More and more customers are looking to upgrade to SQL Server 2012, which offers some exciting features like AlwaysOn Availability Groups, ColumnStore Indexes and much more. As part of my job in the Microsoft Premier Field Engineering team, we are called upon by customers to assess their readiness to upgrade to the new version.
Normally, when we perform an upgrade readiness assessment, we also review the T-SQL code that the customer is running. This is done to uncover breaking changes and other patterns which might cause poor performance or such behavioral change post the upgrade. For breaking changes, we normally recommend customers to use the publicly available SQL Server Upgrade Advisor (SSUA) tool. However, not all breaking changes can be detected by the current SSUA toolset.
Stuff outside of SSUA scope
Here are some examples of T-SQL breaking changes which cannot be uncovered by SSUA. Some of these are boundary scenarios, but I feel it is important to list them so that you are aware of the issues. Also, some of these are known to the SSUA team but they would not incorporate checks for them in SSUA due to their ship timeline and priority ratings.
|Issue||Conflicting locking hints|
|Description||A specific issue in SQL Server 2000 caused locking hints in a FROM clause for an UPDATE statement, to be ignored. While this bug was fixed in SQL 2005, it potentially gave rise to upgrade issues if the locking hint in the FROM clause was different from the locking hint for the UPDATE source table.|
|Example||See this Connect bug for an example.|
|Recommendation||If at all used, locking hints need to be consistent between the table source and the FROM clause of the UPDATE.|
|Issue||Objects in the FROM clause must have distinct exposed names|
|Description||In SQL 2000, identically named tables from different databases did not require an alias|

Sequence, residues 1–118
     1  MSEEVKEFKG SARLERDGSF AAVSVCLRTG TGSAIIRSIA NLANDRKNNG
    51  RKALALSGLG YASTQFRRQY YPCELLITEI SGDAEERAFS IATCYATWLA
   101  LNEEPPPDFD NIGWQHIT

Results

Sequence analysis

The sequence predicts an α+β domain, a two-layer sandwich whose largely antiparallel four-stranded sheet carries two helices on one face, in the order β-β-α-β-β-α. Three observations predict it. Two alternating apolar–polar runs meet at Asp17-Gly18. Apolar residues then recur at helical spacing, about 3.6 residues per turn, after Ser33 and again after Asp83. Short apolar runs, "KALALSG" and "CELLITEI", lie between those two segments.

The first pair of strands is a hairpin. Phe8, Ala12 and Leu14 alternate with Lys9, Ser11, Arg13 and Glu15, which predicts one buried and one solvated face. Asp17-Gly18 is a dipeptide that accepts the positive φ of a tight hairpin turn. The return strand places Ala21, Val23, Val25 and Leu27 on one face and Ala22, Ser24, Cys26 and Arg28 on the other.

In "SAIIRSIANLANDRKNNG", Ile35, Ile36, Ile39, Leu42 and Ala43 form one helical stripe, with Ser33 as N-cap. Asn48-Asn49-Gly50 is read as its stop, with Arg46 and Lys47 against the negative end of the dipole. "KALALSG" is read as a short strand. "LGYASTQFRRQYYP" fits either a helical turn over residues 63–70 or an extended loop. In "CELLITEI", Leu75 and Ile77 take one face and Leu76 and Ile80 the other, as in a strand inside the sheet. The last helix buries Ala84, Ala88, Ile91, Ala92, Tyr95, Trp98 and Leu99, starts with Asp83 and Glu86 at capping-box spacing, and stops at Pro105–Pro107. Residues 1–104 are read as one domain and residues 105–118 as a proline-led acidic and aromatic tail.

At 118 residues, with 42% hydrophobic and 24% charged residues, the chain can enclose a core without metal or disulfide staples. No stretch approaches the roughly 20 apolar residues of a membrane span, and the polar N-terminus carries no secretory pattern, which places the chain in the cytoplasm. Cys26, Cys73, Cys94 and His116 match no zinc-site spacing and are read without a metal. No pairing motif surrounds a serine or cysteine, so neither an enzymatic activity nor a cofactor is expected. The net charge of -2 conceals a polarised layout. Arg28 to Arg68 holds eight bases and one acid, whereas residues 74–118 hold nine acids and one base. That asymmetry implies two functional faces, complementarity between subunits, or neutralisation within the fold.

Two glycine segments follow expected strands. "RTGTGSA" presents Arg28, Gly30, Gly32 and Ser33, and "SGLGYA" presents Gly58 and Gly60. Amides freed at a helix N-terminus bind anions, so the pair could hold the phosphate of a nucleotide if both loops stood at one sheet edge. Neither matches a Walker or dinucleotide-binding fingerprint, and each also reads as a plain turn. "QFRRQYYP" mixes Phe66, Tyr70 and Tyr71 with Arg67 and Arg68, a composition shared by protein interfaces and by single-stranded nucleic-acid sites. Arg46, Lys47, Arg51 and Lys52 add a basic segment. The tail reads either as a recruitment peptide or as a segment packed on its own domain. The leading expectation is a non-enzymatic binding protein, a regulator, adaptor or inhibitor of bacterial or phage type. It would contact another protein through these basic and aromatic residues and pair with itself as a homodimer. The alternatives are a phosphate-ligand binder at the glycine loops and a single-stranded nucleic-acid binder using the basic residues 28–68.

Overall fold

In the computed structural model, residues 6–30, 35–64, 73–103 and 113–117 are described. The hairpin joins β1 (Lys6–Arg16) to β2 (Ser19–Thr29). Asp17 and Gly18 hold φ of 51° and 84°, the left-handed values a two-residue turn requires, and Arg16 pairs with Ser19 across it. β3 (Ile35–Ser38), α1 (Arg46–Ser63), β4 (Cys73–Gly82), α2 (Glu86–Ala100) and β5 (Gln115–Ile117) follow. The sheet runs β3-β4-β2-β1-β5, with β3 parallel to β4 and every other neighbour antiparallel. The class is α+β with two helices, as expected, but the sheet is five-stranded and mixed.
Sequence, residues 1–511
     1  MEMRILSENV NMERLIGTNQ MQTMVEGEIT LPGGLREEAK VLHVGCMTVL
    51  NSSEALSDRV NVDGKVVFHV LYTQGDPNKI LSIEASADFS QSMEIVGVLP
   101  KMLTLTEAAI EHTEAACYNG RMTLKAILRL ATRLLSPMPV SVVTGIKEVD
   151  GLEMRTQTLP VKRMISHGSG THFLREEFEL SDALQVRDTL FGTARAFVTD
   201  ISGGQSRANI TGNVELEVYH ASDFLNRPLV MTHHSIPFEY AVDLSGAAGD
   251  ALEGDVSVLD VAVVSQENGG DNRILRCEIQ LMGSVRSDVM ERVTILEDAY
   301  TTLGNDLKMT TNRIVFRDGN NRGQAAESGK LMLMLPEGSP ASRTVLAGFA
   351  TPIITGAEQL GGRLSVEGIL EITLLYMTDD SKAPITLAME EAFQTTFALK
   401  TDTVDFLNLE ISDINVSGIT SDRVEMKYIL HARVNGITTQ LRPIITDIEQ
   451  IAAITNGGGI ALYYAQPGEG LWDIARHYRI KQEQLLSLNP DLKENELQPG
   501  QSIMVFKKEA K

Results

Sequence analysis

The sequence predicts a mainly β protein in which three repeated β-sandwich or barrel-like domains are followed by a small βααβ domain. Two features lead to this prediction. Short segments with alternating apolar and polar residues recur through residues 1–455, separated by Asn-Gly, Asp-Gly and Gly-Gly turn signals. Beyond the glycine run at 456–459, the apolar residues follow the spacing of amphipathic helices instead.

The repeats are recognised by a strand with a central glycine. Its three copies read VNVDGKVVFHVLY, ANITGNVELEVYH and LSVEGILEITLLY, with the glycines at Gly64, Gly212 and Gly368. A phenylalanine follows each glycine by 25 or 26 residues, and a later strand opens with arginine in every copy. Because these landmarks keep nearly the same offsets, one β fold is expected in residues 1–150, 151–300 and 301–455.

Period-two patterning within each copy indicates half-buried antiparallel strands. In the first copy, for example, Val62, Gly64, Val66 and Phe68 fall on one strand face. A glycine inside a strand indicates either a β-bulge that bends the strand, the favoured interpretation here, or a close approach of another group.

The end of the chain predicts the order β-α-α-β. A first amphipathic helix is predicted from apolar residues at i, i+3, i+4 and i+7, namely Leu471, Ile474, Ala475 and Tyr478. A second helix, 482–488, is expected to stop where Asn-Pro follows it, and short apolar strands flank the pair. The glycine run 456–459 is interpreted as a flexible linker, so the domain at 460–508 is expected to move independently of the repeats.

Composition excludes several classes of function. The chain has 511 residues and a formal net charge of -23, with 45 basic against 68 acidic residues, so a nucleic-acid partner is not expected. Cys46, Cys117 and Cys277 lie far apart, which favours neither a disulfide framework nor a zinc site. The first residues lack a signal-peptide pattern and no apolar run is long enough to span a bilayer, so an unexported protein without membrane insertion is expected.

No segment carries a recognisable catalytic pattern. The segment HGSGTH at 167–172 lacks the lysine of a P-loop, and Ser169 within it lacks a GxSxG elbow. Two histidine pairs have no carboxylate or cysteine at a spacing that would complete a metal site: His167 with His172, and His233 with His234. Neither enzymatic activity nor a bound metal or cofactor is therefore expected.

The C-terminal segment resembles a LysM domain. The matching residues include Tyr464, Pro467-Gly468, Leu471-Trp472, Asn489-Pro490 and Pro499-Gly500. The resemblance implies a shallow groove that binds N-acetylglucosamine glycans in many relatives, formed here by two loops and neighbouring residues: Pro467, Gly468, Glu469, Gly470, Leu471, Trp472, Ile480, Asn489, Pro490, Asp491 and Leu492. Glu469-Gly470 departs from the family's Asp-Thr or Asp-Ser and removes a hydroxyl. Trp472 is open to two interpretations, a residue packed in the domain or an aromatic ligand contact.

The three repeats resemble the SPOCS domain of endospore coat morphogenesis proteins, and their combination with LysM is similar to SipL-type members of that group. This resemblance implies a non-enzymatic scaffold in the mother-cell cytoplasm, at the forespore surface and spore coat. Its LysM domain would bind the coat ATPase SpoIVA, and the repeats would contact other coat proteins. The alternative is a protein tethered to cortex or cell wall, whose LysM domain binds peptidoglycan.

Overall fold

|Example||This code will work in compatibility mode 80 while it will break on compatibility 90 and above:
|Recommendation||It is generally a good practice in any case to alias all tables in a JOIN. That is the recommended solution in this case as well.|
|Additional Reading||You can read more about this at Nacho’s blog.|
|Issue||Subqueries are not supported in GROUP BY clause|
|Description||The GROUP BY clause cannot contain a subquery in an expression that is used for the group by list. In earlier versions of SQL Server, this was allowed. In SQL Server 2008, error 144 is returned.|
|Recommendation||Be aware of this breaking change and revise the query logic accordingly.|
|Additional Reading||There are some Connect articles which describe this. Read them here, here and here.|
|Issue||SETUSER statement usage|
|Description||SETUSER may not be supported in a future release of SQL Server.|
|Recommendation||We recommend that you use EXECUTE AS instead.|
|Issue||ORDER BY clauses in views|
|Description||The ORDER BY clause is not valid in views, inline functions, derived tables, and subqueries, unless the TOP or OFFSET and FETCH clauses are also specified. When ORDER BY is used in these objects, the clause is used only to determine the rows returned by the TOP clause or OFFSET and FETCH clauses. The ORDER BY clause does not guarantee ordered results when these constructs are queried, unless ORDER BY is also specified in the query itself.|
|Recommendation||Specify the ORDER BY clause only in the outermost query and not inside views.|
|Issue||FASTFIRSTROW table hint usage|
|Description||The usage of FASTFIRSTROW as a table hint has been disallowed in SQL 2012. We recommend that hints be used only as a last resort by experienced developers and database administrators.|
|Recommendation||You can evaluate the query hint OPTION (FAST 1) instead.|
|Issue||COMPUTE clause is not allowed in database compatibility 110|
|Description||The COMPUTE clause generates totals that appear as additional summary columns at the end of the result set. However, this clause is no longer supported in SQL Server 2012.|
|Recommendation||Use the ROLLUP operator instead.|
|Additional Info||A Connect request has been logged to include this check in SSUA. Vote for it!|
So, now you know the most common patterns which you need to check for in addition to what SSUA already uncovers. However let’s say you have a huge T-SQL code base and cannot do this manually. Our PFE team are working on some offerings: SQL Server Upgrade Assessment and also a T-SQL Patterns and Practices Review, which among other things will also cover the above deprecation / upgrade checks. If you need more information, you can contact me for more details.
Also if you have any comments, additional cases which are not detected by SSUA, please leave a feedback item in the Comments section below. I read each one of them!